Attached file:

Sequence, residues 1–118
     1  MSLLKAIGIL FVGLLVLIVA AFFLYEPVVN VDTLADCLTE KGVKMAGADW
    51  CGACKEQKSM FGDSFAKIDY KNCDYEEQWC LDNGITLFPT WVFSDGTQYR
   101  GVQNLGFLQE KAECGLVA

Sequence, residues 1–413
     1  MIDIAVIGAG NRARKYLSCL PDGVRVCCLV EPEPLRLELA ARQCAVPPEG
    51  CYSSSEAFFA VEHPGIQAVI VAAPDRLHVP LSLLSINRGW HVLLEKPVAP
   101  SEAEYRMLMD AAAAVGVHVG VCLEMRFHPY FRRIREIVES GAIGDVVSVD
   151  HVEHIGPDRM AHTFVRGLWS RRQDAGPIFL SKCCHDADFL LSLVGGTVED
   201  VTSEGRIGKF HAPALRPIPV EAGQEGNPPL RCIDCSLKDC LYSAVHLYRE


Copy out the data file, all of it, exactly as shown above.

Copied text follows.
Sequence, residues 1–118
     1  MSLLKAIGIL FVGLLVLIVA AFFLYEPVVN VDTLADCLTE KGVKMAGADW
    51  CGACKEQKSM FGDSFAKIDY KNCDYEEQWC LDNGITLFPT WVFSDGTQYR
   101  GVQNLGFLQE KAECGLVA

Sequence, residues 1–413
     1  MIDIAVIGAG NRARKYLSCL PDGVRVCCLV EPEPLRLELA ARQCAVPPEG
    51  CYSSSEAFFA VEHPGIQAVI VAAPDRLHVP LSLLSINRGW HVLLEKPVAP
   101  SEAEYRMLMD AAAAVGVHVG VCLEMRFHPY FRRIREIVES GAIGDVVSVD
   151  HVEHIGPDRM AHTFVRGLWS RRQDAGPIFL SKCCHDADFL LSLVGGTVED
   201  VTSEGRIGKF HAPALRPIPV EAGQEGNPPL RCIDCSLKDC LYSAVHLYRE